Julie Otsuka’s third novel begins with a cast of characters swimming, for a variety of reasons, in an underground pool. When a crack in the pool’s foundation appears, all of the swimmers are disturbed and react in various ways. The Swimmers then focuses on one swimmer, Alice, and her nameless daughter who is the novel’s narrator. Alice has dementia, and when she can no longer swim, her grasp of reality becomes more pronounced.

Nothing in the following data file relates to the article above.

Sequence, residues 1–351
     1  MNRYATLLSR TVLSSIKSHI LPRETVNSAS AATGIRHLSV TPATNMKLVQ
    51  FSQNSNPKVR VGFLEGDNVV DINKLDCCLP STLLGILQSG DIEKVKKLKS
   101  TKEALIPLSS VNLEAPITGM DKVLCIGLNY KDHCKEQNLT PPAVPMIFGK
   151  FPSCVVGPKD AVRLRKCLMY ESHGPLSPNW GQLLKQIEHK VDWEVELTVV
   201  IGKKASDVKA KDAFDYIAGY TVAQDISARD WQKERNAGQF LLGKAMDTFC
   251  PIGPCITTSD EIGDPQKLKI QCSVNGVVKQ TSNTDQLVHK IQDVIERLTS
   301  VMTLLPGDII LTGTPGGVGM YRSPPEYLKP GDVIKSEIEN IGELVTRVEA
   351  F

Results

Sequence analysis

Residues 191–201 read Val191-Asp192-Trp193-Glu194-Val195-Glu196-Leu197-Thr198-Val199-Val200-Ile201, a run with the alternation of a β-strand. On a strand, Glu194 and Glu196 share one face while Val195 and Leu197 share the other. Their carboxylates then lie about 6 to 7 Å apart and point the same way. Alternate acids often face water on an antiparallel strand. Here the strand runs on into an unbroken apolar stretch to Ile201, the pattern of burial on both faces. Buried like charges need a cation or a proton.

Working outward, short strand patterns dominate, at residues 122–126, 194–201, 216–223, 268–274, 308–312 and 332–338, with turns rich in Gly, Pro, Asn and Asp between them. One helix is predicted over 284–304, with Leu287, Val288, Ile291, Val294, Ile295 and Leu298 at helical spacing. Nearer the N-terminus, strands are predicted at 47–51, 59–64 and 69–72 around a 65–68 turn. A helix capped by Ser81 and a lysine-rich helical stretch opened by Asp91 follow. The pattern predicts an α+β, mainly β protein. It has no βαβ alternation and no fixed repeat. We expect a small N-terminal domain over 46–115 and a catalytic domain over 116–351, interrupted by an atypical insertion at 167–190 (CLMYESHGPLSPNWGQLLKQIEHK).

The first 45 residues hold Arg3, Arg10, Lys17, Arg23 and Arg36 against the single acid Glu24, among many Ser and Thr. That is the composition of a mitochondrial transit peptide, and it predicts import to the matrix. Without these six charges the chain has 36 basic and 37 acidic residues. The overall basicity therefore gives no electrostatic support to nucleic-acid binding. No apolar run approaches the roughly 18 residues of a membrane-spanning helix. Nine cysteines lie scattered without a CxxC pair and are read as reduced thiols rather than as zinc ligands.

Like her others works of fiction, Otsuka’s The Swimmers is slim yet emotionally charged. It is a fine read, however, the shift from the activity at the swimming pool to Alice’s decline was too abrupt.